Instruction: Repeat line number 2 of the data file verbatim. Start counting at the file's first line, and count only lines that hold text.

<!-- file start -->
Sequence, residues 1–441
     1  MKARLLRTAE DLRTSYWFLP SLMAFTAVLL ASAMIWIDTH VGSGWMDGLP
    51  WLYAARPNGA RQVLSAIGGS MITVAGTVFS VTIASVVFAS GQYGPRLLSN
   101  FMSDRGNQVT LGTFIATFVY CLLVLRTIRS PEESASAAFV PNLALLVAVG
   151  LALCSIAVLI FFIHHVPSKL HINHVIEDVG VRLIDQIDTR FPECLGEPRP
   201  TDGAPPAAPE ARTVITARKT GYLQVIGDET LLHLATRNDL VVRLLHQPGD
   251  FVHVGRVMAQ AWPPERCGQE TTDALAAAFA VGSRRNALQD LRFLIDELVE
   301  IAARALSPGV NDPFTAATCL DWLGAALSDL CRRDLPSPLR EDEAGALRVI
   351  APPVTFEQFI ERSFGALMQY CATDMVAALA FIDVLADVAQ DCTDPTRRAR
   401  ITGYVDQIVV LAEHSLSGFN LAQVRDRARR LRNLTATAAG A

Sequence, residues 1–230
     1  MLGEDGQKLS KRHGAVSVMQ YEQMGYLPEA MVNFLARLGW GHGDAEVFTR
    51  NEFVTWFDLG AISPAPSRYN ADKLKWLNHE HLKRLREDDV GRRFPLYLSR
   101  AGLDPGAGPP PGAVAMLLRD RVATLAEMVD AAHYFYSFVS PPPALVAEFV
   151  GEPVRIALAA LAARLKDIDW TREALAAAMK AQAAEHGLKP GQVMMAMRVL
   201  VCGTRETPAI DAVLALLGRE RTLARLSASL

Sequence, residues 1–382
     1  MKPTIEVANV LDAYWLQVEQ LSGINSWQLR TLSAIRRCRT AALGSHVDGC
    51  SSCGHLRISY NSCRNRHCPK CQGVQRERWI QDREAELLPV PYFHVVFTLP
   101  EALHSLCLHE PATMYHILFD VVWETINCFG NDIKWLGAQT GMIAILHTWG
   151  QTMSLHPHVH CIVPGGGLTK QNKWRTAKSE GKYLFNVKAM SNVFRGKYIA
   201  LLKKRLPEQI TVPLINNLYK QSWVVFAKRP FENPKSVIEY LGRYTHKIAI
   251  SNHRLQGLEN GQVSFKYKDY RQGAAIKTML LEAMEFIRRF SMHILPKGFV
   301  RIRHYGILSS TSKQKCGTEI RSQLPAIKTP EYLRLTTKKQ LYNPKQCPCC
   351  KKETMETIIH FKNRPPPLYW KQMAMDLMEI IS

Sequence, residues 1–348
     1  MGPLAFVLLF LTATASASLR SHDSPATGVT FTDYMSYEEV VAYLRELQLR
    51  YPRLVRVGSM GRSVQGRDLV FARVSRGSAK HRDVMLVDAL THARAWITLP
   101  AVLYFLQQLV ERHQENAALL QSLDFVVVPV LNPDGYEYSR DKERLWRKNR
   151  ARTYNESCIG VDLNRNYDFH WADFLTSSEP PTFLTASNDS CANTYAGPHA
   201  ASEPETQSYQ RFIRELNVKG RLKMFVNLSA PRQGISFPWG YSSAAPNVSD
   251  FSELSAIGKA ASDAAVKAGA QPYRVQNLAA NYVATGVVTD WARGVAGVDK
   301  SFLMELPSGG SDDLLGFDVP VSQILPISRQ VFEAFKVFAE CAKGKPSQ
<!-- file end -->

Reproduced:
     1  MKARLLRTAE DLRTSYWFLP SLMAFTAVLL ASAMIWIDTH VGSGWMDGLP